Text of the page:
Print Version May 23rd, 2005
Maybe I just haven’t reached that age yet but I find it hard to get worked up over death. Let me be clear: I don’t want to die and dying scares me silly but as to what happens next … well I’m happy right now to leave that to the goodness of God.
But it’s clearly an issue that exercises street-corner evangelists who want to know if you are saved. They look rather disappointed if you say yes. And it’s an issue that clearly exercised Jesus contemporaries. ‘What must I do to inherit eternal life?’
I guess it depends on what the alternative is. Sheol, as the first reading describes it, is horrible not for its torments but for its drab dullness. Death for the ancient Hebrews was a shadowy place where not much happened—a dry and dusty place where praise and play and all the delights of living—and its pains—could find no home.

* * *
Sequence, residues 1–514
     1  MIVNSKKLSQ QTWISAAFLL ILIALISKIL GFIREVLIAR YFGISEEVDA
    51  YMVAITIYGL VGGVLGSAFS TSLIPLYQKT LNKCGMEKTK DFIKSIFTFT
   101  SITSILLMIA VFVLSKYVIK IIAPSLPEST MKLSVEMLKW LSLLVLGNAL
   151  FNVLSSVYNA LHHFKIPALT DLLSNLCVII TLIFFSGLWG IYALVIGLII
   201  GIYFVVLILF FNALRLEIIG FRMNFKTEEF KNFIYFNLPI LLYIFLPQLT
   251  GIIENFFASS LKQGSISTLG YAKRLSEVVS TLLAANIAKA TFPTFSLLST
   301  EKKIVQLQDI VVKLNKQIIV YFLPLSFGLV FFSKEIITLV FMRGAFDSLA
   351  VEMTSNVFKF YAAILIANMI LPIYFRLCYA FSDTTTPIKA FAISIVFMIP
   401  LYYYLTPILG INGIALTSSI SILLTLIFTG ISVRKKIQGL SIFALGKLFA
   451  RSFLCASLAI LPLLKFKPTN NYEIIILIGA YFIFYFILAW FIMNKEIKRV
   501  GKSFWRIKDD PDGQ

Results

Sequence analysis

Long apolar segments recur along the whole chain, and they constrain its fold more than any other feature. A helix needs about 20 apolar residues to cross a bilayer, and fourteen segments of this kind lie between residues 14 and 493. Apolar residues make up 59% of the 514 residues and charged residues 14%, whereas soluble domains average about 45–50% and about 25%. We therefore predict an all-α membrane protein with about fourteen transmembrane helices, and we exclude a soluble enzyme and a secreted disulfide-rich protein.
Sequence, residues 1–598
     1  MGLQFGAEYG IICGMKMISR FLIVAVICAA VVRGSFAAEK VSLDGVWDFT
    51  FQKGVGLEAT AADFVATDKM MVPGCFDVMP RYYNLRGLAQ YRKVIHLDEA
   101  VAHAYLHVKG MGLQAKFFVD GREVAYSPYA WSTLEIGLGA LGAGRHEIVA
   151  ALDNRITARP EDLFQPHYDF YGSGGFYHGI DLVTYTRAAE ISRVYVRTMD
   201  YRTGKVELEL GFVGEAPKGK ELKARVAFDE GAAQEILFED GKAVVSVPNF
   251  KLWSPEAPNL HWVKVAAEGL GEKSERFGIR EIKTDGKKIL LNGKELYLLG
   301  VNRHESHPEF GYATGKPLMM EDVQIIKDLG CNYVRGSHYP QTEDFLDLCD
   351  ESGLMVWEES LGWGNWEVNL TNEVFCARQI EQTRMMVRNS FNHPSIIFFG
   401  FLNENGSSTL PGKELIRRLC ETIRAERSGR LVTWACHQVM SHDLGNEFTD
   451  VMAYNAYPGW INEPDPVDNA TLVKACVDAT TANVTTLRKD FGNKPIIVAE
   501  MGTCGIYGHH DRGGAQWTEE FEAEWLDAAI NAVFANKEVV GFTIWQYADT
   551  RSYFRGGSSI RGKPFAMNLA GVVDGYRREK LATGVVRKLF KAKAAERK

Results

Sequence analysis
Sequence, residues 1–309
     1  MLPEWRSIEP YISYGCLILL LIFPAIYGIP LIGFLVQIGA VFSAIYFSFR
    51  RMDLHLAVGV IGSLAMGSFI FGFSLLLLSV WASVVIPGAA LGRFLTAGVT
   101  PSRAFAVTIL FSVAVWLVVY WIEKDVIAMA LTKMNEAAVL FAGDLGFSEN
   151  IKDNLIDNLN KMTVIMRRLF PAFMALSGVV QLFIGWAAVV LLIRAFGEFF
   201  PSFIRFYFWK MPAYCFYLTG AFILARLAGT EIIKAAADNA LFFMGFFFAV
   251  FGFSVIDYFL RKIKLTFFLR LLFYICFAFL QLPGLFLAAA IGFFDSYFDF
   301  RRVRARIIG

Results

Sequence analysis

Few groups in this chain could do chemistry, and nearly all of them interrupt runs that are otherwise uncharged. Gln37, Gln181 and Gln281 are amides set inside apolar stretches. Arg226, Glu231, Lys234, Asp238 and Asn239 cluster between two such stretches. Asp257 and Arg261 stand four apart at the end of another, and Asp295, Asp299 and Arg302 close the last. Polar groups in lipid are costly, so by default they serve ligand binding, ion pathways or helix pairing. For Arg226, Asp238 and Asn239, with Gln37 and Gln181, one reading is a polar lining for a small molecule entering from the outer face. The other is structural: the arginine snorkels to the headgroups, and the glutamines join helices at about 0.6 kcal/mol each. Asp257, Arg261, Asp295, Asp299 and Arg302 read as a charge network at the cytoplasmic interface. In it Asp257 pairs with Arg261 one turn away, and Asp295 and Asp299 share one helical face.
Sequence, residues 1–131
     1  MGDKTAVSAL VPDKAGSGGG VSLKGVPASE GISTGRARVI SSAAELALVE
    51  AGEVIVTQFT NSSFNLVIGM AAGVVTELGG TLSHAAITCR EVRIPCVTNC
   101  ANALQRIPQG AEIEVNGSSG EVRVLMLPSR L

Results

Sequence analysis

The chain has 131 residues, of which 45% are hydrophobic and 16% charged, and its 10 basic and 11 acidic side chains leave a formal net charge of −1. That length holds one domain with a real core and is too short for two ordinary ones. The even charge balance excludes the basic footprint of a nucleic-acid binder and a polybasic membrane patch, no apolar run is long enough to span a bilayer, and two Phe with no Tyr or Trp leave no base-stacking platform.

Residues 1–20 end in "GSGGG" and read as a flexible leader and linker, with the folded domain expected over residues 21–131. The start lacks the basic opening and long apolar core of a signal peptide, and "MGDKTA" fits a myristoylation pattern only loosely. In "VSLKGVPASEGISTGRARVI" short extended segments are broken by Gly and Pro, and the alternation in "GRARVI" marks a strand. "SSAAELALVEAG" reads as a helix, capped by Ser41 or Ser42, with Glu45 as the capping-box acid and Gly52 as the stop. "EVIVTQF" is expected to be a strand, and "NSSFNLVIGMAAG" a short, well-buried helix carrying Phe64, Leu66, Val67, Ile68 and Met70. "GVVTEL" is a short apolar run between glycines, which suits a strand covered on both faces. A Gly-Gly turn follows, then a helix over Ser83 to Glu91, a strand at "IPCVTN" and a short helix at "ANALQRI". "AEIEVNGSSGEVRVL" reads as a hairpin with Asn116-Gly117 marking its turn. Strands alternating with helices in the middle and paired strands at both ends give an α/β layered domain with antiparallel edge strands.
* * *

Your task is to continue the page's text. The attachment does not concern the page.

But it is not Sheol the Christian faces at death. The story we have been told about death makes it a fork in road with the highway to heaven and the low way leading down to fire and worm and just desserts. But my heart isn’t in that story. Maybe I’m too touched by some modern malaise but I can’t see myself in hell—my imagination fails me.
And yet I want to be saved. I feel the need deep in my bones. But saved from what? … I’m not sure … but there’s something in the invitation Jesus gives the rich man that moves me. Leave everything and follow me. You’d think that giving away the good riches of life was one step too soon to Sheol and its gloomy, stripped-down place past praise. But as Jesus hints what we have we lack and what we lose we gain. Somehow there is praise on offer, an open-handed overflowing of praise, in the letting go, the letting loose.
I want to be saved from what I have. I want to well up with praise for no reason at all, but love.
And for me that is impossible. But if Jesus should look at me steadily and if I should see love in his eyes … who knows what might break out in my impoverished heart.